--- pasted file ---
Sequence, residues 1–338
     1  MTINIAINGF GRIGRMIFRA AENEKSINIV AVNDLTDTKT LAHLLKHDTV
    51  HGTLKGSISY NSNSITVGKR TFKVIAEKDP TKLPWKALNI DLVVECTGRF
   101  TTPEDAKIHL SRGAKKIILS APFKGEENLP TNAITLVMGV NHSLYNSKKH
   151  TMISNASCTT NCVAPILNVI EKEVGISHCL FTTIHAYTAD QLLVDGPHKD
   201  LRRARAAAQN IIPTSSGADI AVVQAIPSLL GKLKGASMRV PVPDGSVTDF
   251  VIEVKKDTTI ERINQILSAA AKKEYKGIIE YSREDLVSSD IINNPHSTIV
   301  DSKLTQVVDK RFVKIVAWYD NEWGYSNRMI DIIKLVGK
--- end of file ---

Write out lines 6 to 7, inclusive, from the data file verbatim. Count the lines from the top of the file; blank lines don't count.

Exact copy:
   201  LRRARAAAQN IIPTSSGADI AVVQAIPSLL GKLKGASMRV PVPDGSVTDF
   251  VIEVKKDTTI ERINQILSAA AKKEYKGIIE YSREDLVSSD IINNPHSTIV